Most Canadian pediatricians are shying away from medical cannabis for patients, knowing that it can hurt the developing brain and that there isn’t much research to guide them.
But physicians say they are getting increasing requests for cannabis from parents, for a growing list of conditions.
Dr. Adam Rapoport, medical director of the pediatric palliative care team at the Hospital for Sick Children in Toronto, says, “This is mostly driven by parents, and doctors have fallen behind.”
Lauren Kelly agrees. “It’s happening and we’re playing catch-up.”
Kelly is a pharmacologist and scientific director of the Canadian Childhood Cannabinoid Clinical Trials, a national research consortium. Her group is working quickly to develop answers to questions about cannabis for children. “The use of it has far outpaced the evidence, and that’s the biggest challenge.”
Fifty per cent of pediatricians surveyed in 2017 had at least one patient who had used cannabis for medical reasons in the past year. But the cannabis use is not stemming from prescriptions (called physician authorizations). Only four per cent of pediatricians said they had authorized medical cannabis for one of their patients.
Research still lacking for many conditions
Since then, pediatricians like Dr. Daniel Flanders, director of Kindercare Pediatrics in Toronto, say that requests have grown only more frequent and the reasons for the requests more diverse.
Flanders is asked about medical cannabis at least two to three times a week for issues such as chronic pain, mental health issues, arthritis, ADHD and sleep problems.
But there are only a very few conditions for which the science is solid when it comes to using cannabis in children.
Pointing to a handful of well-executed randomized controlled trials and a recent systematic review of the literature on medical cannabis for complex pediatric seizure disorders, Dr. Evan Lewis, a pediatric neurologist in Toronto, says there is very good evidence supporting its use in certain seizure conditions, such as Lennox-Gastaut syndrome, Dravet syndrome and tuberous sclerosis.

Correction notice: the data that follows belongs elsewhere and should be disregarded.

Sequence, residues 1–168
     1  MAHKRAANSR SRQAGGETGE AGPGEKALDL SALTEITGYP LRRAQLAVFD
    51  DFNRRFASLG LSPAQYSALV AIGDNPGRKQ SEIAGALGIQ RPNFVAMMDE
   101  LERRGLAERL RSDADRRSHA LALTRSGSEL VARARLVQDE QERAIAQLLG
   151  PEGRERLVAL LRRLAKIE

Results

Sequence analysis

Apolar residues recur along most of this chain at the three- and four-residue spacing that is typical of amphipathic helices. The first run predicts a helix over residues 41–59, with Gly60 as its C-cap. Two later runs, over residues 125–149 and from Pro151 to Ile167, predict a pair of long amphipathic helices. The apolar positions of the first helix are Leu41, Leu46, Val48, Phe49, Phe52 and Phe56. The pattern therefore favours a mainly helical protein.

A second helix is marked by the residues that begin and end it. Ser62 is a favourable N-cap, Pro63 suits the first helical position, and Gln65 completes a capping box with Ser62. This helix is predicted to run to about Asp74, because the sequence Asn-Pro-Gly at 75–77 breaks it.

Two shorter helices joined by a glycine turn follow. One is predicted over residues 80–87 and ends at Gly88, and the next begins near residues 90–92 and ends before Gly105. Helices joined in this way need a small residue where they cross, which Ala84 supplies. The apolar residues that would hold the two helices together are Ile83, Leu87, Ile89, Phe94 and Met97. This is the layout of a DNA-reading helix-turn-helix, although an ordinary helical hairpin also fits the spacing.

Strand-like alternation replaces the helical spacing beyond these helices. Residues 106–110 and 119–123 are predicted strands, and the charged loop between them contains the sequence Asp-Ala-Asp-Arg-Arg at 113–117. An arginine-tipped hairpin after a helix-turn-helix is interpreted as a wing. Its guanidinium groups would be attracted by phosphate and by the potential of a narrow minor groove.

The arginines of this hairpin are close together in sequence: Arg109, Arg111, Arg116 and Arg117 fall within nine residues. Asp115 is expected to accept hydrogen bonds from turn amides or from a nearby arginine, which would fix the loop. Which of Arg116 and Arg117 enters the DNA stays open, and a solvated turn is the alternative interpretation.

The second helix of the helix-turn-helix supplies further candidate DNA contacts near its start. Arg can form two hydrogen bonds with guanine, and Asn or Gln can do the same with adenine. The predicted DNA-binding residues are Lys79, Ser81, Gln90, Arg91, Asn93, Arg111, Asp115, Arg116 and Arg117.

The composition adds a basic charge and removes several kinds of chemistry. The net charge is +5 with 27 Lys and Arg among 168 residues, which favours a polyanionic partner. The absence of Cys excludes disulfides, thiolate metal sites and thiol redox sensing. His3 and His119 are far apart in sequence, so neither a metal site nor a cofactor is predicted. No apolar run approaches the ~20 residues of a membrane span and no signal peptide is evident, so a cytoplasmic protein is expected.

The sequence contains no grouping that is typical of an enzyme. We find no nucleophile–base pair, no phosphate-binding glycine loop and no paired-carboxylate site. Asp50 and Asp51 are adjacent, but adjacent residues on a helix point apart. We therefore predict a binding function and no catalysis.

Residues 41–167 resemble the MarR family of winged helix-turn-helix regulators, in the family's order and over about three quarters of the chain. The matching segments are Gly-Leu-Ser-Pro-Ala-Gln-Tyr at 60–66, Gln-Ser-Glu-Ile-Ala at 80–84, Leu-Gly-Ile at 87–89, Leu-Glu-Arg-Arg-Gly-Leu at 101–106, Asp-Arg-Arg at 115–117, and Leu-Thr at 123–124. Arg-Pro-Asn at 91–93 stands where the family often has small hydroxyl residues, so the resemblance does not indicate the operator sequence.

“Outside of that, it is kind of extrapolating from the evidence and using less robust evidence in the literature,” he says.
That’s not stopping some parents and physicians from pushing the boundaries.
It’s a path worth taking in some cases, Lewis says.
Lewis is now using cannabis for other types of seizures, and also authorizes cannabis in select cases for a range of conditions such as migraines, concussions, sleep problems, autism, tics, movement disorders and behavioural problems in children with neurological conditions. It’s also being used in Canada for symptom relief in palliative care, chronic pain disorders, spasticity, incurable malignancies and ADHD.
But Lewis says that the research is not as high-quality as he would like, and for many conditions, does not exist at all.
Another difficulty is that standard dosing has not been established and experimental cannabis protocols often use purified cannabidiol (CBD), a compound in marijuana with no psychoactive effects.
This type of CBD-only preparation is not available for patients in Canada, so physicians have to choose products that contain both CBD and the compound delta-9-tetrahydrocannabinol (THC), which is psychoactive and gives users a high.
Dr. Richard Huntsman, pediatric neurologist at the University of Saskatchewan, is part of a team trying to solve the problem of dosing regimens for children with complex seizure disorders. In addition to establishing a target dose using oils, his study also measured CBD and THC levels in the blood and showed that these levels remained low. The study used an oil that contained 20 parts CBD to one part THC.
“People are very worried about their kids getting high,” he said, but based on these results, he adds, this is “not so much of a worry,” at least in this population.
And contrary to common belief, he found that the medication appeared to help with cognitive function, instead of impairing it. He is cautious though, and warns that the study was done in a small number of children.
Guidelines in development
With the cannabis landscape changing quickly in Canada, doctors are looking for advice. The Canadian Paediatric Society plans to publish guidance documents this summer, according to its cannabis working group co-chair, Dr. Christina Grant, an adolescent health specialist at McMaster Children’s Hospital.
In the meantime, she says that every day, she advises teens in her Hamilton office that cannabis is not a good treatment option for anxiety and depression.
“The effect is the opposite,” she says, noting that one-sixth of youth who experiment with cannabis, even for self-medication, develop cannabis use disorder.
While physicians await the recommendations, Kelly says that her research consortium has launched five new clinical trials of medical cannabis in kids, and other Canadian research groups are quickly trying to play catch-up as well.
“I certainly don’t think it can be the cure-all. It’s not magic. But there are some areas that are showing promise … we should be investing in research,” says Kelly.